It is one of my personal ambitions to throw the perfect dinner party. I would invite my closest friends, plus those who could become close friends. The food would not be fancy; instead it would be constructed with simple but flavorful ingredients: tomatoes, cheese, pesto with pine nuts and basil, and dark chocolate. Wine would be abundant, as would conversation. Some of my favorite memories are of meals with those whom I love, and for once, I would like to be the one who makes the meal possible.
Meals are celebrations of the world around us. Foods are often associated with the changing of the seasons. In my native Michigan, berry desserts are for summer and hot apple cider and doughnuts are for autumn. Food not only reflects an area’s produce but its culture. When I visited New Orleans last fall, the food spoke of the city’s history, revealing its French, Spanish, African, and Caribbean influences. In the beignets of Café du Monde, the elaborate brunches at Brennan’s, and the spicy seafood dishes, I was able to learn about the culture and share in the meals that the residents of New Orleans have enjoyed over the years.
Meals are also a celebration of life and of relationships. A wedding feast. A couple on their first date, sharing a meal. A family gathered around a holiday meal. Preadolescent girls eating brownies while playing truth or dare at a sleepover. A church congregation celebrating the sacrament of communion. Even a business lunch can indicate trust –real or counterfeit- and hopes for prosperity. Meals can also be an illustration of misplaced trust. A poisoned meal. A drink laced with the date rape drug at a college party.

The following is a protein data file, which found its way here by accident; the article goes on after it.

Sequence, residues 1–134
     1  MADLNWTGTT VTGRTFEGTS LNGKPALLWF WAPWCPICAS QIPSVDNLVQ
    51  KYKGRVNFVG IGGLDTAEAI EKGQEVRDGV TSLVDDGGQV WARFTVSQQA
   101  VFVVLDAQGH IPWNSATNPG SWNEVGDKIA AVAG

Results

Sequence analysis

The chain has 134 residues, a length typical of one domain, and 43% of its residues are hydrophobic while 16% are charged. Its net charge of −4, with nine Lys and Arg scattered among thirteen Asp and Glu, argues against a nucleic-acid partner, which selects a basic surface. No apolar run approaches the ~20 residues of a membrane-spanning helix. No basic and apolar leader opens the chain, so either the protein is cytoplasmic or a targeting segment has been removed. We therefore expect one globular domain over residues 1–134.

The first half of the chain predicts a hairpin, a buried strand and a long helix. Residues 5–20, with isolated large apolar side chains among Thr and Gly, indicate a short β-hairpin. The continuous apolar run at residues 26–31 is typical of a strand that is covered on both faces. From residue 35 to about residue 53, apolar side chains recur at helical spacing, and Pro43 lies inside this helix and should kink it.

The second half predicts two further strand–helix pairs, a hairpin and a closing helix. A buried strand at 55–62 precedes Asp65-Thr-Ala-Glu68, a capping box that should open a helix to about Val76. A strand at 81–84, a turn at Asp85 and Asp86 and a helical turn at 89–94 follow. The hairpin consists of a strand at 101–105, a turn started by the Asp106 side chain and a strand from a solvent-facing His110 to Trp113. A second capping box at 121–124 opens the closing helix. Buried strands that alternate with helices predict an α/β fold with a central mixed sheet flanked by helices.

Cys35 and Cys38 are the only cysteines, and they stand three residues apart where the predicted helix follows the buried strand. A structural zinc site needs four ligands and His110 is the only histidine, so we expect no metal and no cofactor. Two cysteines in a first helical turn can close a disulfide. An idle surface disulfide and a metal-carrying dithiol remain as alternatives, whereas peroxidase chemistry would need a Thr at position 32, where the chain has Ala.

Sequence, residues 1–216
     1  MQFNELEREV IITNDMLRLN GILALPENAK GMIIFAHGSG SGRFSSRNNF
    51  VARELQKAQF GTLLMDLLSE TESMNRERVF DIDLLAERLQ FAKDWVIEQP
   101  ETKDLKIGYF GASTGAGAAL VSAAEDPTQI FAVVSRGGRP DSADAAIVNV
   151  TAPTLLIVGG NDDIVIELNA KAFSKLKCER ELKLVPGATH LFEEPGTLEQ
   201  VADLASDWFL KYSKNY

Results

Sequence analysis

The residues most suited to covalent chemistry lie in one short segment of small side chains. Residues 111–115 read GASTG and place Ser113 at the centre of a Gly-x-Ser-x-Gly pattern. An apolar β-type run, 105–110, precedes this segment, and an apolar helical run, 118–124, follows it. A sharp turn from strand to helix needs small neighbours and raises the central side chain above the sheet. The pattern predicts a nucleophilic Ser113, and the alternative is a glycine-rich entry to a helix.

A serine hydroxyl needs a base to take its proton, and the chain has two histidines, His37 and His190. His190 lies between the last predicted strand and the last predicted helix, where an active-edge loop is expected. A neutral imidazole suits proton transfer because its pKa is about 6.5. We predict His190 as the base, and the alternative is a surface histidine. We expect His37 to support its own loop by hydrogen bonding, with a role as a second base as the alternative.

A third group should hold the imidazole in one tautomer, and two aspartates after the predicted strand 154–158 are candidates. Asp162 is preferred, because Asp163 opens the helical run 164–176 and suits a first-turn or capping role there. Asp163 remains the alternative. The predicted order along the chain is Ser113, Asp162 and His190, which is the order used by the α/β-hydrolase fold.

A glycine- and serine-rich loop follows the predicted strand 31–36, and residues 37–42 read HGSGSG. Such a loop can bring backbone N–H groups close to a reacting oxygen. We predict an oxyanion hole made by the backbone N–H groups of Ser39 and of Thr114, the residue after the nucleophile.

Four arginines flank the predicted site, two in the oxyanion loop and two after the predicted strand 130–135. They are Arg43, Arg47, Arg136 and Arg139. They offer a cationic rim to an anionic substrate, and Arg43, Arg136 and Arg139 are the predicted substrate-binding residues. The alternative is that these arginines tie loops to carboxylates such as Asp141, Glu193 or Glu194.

Food and drink have always been celebrated in the arts from da Vinci’s The Last Supper to Snow White’s poisoned apple to Proust’s madeleine. And so, we at Halfway Down the Stairs, invite you to join us around the table as we bring you stories and poems of love, loss, betrayal, and murder. We would like to welcome Sherri Miller to the HDtS staff as our newest fiction editor. Sherri, a fiction writer and former editor of the United Italian Society’s La Voce II, lives in Florida. Also, with this issue, we say goodbye to Vicki Northern, poetry editor since September 2005 and one of the founders of HDtS. We are sad to see Vicki go, but are grateful for all of the work she has put into this publication and wish her the best of luck. We would also like to say thank you to the writers of HDtS and to our readers.
— Stacy Wennstrom, Senior Nonfiction Editor
© 2008, Stacy Wennstrom